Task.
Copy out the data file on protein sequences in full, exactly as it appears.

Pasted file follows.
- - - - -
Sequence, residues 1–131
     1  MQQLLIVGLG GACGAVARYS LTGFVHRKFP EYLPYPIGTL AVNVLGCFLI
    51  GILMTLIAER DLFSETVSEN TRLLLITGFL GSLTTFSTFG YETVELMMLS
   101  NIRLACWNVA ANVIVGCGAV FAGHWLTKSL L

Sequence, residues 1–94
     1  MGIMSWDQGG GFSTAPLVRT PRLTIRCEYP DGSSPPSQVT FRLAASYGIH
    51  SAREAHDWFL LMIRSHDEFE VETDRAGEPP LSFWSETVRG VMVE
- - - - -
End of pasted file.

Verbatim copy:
Sequence, residues 1–131
     1  MQQLLIVGLG GACGAVARYS LTGFVHRKFP EYLPYPIGTL AVNVLGCFLI
    51  GILMTLIAER DLFSETVSEN TRLLLITGFL GSLTTFSTFG YETVELMMLS
   101  NIRLACWNVA ANVIVGCGAV FAGHWLTKSL L

Sequence, residues 1–94
     1  MGIMSWDQGG GFSTAPLVRT PRLTIRCEYP DGSSPPSQVT FRLAASYGIH
    51  SAREAHDWFL LMIRSHDEFE VETDRAGEPP LSFWSETVRG VMVE